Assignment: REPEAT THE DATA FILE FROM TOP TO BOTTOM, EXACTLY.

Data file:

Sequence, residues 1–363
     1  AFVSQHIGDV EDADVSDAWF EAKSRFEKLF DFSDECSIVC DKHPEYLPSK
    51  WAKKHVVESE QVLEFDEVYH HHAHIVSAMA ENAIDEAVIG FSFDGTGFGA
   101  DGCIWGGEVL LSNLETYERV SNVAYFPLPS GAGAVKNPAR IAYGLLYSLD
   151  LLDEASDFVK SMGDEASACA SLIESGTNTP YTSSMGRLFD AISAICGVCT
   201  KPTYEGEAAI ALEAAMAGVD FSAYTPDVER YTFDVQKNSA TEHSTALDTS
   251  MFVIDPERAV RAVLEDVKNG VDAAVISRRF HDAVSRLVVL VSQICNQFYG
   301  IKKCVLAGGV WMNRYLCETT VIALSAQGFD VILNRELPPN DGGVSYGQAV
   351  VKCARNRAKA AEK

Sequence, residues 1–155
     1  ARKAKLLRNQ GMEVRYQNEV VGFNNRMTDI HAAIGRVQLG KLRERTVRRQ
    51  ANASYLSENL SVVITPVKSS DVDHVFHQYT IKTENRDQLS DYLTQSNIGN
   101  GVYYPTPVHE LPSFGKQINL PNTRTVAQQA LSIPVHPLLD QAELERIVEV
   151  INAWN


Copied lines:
Sequence, residues 1–363
     1  AFVSQHIGDV EDADVSDAWF EAKSRFEKLF DFSDECSIVC DKHPEYLPSK
    51  WAKKHVVESE QVLEFDEVYH HHAHIVSAMA ENAIDEAVIG FSFDGTGFGA
   101  DGCIWGGEVL LSNLETYERV SNVAYFPLPS GAGAVKNPAR IAYGLLYSLD
   151  LLDEASDFVK SMGDEASACA SLIESGTNTP YTSSMGRLFD AISAICGVCT
   201  KPTYEGEAAI ALEAAMAGVD FSAYTPDVER YTFDVQKNSA TEHSTALDTS
   251  MFVIDPERAV RAVLEDVKNG VDAAVISRRF HDAVSRLVVL VSQICNQFYG
   301  IKKCVLAGGV WMNRYLCETT VIALSAQGFD VILNRELPPN DGGVSYGQAV
   351  VKCARNRAKA AEK

Sequence, residues 1–155
     1  ARKAKLLRNQ GMEVRYQNEV VGFNNRMTDI HAAIGRVQLG KLRERTVRRQ
    51  ANASYLSENL SVVITPVKSS DVDHVFHQYT IKTENRDQLS DYLTQSNIGN
   101  GVYYPTPVHE LPSFGKQINL PNTRTVAQQA LSIPVHPLLD QAELERIVEV
   151  INAWN